After two years of “spirited debate” and notwithstanding deep concern within the Obama White House about the fragility of ties between Washington and Islamabad, the U.S. State Department has finally designated the fearsome Haqqani Network terror outfit in Afghanistan a Foreign Terrorist Organisation.
In a rare instance of overwhelming and unanimous support in the U.S. Congress leading to mounting pressure on the Obama White House to pin the FTO blacklist-label on the Haqqani group, Secretary of State Hillary Clinton was given 30 days in early August to finalise her decision on the designation question.
The Haqqani Network is said to have been behind a string of deadly attacks in Kabul and elsewhere, most prominently including a bombing of the Indian embassy and an assault on the U.S. embassy using rockets. Additionally the group has been linked to an attack on Kabul's elite Serena and Intercontinental hotels and several kidnappings.
On Friday she reported back to Congress that the Haqqani Network “meets the statutory criteria of the Immigration and Nationality Act (INA) for designation as an FTO. This action meets the requirements of the Haqqani Network Terrorist Designation Act of 2012.” She added that she also intended to designate the organisation as a Specially Designated Global Terrorist entity under an Executive Order.
An increasingly fraught U.S.-Pakistan relationship, most recently manifested in Pakistan closing down NATO supply routes after its soldiers were killed by Western allies in an incident last November, was said to have put the brakes on the designation of the Haqqani Network thus far.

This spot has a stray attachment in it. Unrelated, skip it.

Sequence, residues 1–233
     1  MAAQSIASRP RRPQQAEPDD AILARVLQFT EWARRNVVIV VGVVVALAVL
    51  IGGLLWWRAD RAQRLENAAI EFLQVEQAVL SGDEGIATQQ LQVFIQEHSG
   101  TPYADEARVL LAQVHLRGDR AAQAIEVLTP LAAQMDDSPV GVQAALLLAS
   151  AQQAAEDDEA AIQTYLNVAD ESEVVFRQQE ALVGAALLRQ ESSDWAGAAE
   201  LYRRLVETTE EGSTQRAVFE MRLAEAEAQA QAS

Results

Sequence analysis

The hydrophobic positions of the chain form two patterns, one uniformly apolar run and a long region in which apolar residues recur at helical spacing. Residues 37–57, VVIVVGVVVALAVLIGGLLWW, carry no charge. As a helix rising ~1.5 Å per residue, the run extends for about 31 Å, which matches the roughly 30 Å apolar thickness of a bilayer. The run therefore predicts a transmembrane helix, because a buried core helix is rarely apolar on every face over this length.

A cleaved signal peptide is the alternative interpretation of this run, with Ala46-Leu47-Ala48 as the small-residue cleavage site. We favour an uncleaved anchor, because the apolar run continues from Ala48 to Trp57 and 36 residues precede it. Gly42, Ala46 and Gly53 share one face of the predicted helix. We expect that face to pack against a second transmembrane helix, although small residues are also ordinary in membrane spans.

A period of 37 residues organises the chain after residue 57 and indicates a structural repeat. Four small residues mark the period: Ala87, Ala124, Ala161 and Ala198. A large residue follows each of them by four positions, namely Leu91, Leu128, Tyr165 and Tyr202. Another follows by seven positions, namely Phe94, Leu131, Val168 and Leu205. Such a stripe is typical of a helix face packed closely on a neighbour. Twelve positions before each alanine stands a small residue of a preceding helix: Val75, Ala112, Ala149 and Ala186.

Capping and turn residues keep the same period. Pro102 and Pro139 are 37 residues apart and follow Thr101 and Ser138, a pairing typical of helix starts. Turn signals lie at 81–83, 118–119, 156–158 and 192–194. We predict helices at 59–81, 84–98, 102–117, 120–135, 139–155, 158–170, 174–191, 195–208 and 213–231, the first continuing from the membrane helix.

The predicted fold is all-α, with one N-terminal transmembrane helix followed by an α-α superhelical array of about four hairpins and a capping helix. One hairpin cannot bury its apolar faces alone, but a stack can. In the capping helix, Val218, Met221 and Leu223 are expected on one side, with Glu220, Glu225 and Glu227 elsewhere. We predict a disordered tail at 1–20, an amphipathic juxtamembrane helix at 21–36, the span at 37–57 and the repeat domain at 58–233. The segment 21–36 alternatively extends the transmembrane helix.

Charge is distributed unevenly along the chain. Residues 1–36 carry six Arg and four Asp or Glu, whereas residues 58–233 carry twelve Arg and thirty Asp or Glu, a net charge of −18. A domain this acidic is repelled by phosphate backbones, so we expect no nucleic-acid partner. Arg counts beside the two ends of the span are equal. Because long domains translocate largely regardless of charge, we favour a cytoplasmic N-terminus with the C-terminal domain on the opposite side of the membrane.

However coming as it does, a day after an important speech by President Barack Obama at the Democratic National Convention, the decision to designate the Haqqani outfit raised questions about the future of the U.S.’ approach towards terror groups that allegedly have links with Pakistan’s intelligence agency, the Inter-Services Intelligence.
Some experts such as Bruce Riedel, Senior Fellow at the Saban Center for Middle East Policy at the Brookings Institution, expressed concern that despite the designation, more needed to change. In comments to The Hindu he said, “It is a good step but it raises a larger question. Given the Haqqani networks ties to the ISI, which have been clearly established by the administration... Are we going to continue to provide arms and money to an army that sponsors terrorists who kill our soldiers?”
Considering the role of Pakistan in this decision Lisa Curtis, Senior Research Fellow for South Asia at the Heritage Foundation, noted, “In many ways, it is Pakistan’s intransigent position and unwillingness to use its leverage with the Haqqanis to shape their behaviour that has forced the administration to take this decision.” She argued that as the designation had an impact on the Network’s financing infrastructure over time, it could also “shift thinking within the senior Pakistani military ranks toward viewing the Haqqani Network more of a liability than an asset when it comes to Pakistan’s regional standing.”
The Obama administration, however, appeared keen to emphasise its sustained efforts at outlawing the terror group. In a statement Ms. Clinton noted, “These actions follow a series of other steps that the U.S. government already has taken against the Haqqanis. The Department of State previously designated key Haqqani Network leaders... and the Department of the Treasury has designated other militants with ties to the Haqqanis.”
Pointing out that the U.S. continued its “robust campaign of diplomatic, military, and intelligence pressure on the network, demonstrating... resolve to degrade the organisation’s ability to execute violent attacks,” she suggested that this process was consistent with the long-term plan to support Afghan security forces and Afghan-led reconciliation.